Tuesday, November 30, 2010

A detour around Southern Coastal States

In October, I took a drive across of the states of North Carolina, South Carolina and Georgia. I headed south from Virginia in I-95 and close to Florence, North Carolina, got off the interstate and drove around the country roads. Abandoned farms with collapsing barns and rusting farming equipment were numerous and presented excellent photo opportunities and causing. I only wished that those broken down buildings with saddleback roofs could talk.
The towns are not in better shape, the only areas of activity are the crossroad roads at the center of town with sleepy traffic light (even them were slow in changing colors), with a couple of gas stations with signs advertising gasoline for exactly the same price; where is the competitive spirit?
Other businesses such as drugstores and barber shops were boarded up and for sale. Old tobacco warehouses are closed and crumbling down and usually one grocery store is open. One does not see much traffic or people walking in the streets. Where have all the people and industries gone? Not even Golden Arches!!!
Returning back to I-95 from the country roads, I continued on my way south towards Savannah, Georgia, where I first stopped at Fort Pulaski, in Tybee Island. It was completely built of bricks and offered no protection from the Army of Northern Aggression Parrot rifled cannons during the Civil War.
The Union forces took over the fort in April of 1862 in less than 7 hours
but Savannah remained in rebel hands until the end of the war. After visiting the fort , I headed to the city for the night.
I was in Savannah for the first time 30 years ago. The city lost its old run down looks and is now bursting with activity. The historical center of town had been gentrified with old houses restored to their former glories. One major difference in the architecture of Savannah when compared to that of Charleston, is that the original core of the former is dominated by row houses with no spaces in between, while detached
home separated by walls and gardens are predominant in the later.
Close to Savannah is Wormsloe Estate, famous for its Live Oak Avenue of more than 400 trees planted in the early 1890's. These avenues of oaks with the ubiquitous Spanish mosses are common throughout the south antebellum plantations, but this is the longest I have seen. The rest of this site is mostly ruins, the oldest one, the Tabby Ruins, dating back to the 1740's. What I found interesting was the walls left is that they were made of oyster shells mixed with lime, sand and water. The oyster shells came from the oysters eaten by the Indians, who threw them into piles called middens. This type of construction I have not seen in Virginia where wood was mostly used by the settlers in Jamestown.
While cruising around the city, I saw a sight familiar to astronauts in space, but in this case I did not need to get in a Soyuz rocket. I saw this huge compressed gas cylinder painted as the earth; continued to drive up the road but that image stayed with me...I have to return and photograph it. The steel planet was in the a yard of an abandoned house surrounded by a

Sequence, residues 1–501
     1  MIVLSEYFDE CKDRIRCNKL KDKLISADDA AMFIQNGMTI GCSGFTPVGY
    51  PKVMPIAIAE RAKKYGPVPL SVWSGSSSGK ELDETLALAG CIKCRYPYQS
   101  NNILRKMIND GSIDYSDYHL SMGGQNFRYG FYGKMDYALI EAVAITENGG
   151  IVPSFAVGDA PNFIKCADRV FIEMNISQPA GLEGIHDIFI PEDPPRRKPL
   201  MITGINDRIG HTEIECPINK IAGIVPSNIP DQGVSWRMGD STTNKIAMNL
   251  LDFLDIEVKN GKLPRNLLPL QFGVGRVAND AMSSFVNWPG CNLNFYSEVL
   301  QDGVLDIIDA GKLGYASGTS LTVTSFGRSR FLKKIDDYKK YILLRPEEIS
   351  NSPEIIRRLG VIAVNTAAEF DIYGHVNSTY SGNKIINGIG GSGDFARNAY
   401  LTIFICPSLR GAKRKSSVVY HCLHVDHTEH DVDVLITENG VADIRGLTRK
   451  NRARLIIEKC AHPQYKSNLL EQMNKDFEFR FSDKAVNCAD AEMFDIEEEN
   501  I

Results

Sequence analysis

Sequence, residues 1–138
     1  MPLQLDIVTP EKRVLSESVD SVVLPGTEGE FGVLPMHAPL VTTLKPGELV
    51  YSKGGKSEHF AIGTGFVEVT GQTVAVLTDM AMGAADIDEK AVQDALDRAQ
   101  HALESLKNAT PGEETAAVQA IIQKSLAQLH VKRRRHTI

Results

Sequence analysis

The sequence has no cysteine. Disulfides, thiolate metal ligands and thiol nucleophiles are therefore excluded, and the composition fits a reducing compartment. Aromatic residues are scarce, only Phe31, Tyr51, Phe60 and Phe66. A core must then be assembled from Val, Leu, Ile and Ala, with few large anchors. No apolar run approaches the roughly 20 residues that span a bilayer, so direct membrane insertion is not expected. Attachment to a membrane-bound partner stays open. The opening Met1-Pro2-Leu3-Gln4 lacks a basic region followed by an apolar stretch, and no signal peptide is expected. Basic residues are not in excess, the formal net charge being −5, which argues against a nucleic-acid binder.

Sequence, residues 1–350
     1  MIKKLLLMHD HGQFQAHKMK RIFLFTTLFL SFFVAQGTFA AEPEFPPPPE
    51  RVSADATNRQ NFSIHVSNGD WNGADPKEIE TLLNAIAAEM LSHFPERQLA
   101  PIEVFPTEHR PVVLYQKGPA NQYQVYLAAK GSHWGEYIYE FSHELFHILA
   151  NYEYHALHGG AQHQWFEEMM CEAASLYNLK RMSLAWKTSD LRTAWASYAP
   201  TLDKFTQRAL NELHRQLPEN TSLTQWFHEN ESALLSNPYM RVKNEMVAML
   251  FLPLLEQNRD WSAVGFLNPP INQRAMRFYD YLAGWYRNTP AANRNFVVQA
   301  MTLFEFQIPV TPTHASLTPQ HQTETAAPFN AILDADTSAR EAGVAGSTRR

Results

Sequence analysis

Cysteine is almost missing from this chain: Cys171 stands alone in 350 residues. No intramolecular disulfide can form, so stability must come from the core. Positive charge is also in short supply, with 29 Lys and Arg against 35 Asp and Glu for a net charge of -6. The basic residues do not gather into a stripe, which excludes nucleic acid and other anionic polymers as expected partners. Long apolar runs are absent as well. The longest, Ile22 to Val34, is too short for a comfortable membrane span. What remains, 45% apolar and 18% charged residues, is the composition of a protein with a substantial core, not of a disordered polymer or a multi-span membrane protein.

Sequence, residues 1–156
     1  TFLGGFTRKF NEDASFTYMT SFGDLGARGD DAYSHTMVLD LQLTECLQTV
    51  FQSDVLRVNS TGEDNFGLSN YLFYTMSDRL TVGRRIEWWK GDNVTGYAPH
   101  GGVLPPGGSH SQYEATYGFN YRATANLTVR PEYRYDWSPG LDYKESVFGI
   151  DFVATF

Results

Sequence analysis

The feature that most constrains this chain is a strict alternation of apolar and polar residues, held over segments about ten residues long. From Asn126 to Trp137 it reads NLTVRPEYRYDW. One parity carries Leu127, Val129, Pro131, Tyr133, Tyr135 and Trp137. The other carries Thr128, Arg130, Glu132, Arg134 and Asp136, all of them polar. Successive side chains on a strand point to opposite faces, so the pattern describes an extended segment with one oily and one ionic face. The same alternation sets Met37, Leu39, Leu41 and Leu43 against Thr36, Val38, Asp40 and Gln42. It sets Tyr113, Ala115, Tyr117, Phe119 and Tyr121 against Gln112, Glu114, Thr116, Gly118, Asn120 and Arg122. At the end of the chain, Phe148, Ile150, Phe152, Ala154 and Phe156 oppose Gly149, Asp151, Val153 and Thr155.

brick wall. I peeked thru the rough iron gate and saw numerous feral cats all over the yard. Much to my surprise, the earth was not along, its faithful companion, the moon, was there too assuming the duty of a mail box. I was told that the tanks was built to store propane gas but the city in its wisdom prohibited its intended use due to safety concerns. Wonder who was the dreamer who created a planetary system out of an abandoned gas tank!
Stay tuned, I will follow with another blog going up the coast to Charleston,
South Carolina


jeannette said...

Thanks on taking us on your detour:) Enlighten me, what are saddleback roofs? The street with the oak trees is impressive!
Your post makes it obvious that each state has their own subculture...

SAPhotographs (Joan) said...

What beautiful old buildings Jose. It seems so sad that they are abandoned like this and yes, one does wonder what happened to the industries. Are all the people moving to larger cities? These way off the beaten track places are always the best and most interesting to take as you come across some delightful scenery this way.

The boarded up windows in the third picture make an interesting pattern.

Good grief!! Are those actually canon damage to the walls or are they just falling apart from old age?

Georgia is one of the few States I have not visited but like so many of those southern parts, steeped in history. It is wonderful that they have restored many of the old houses but I guess every town now has to have the new modern “boxes” erected for people to live in too.

That Oak tree avenue is astonishing!! What a beautiful place. I can imagine it before the age of care, full of horse-drawn carriages. It must have been a splendid sight.

That is a novel way and a good use to put that old gas cylinder to work. :) A great idea. Some people are very creative.

I look forward to the next post on this trip as you always have intriguing pictures and information to go along with them. Thanks for sharing.

cdt said...

Oh, I'm jealous reading about the rural towns you visited in NC. I love photographing old buildings like that. Very cool Jose.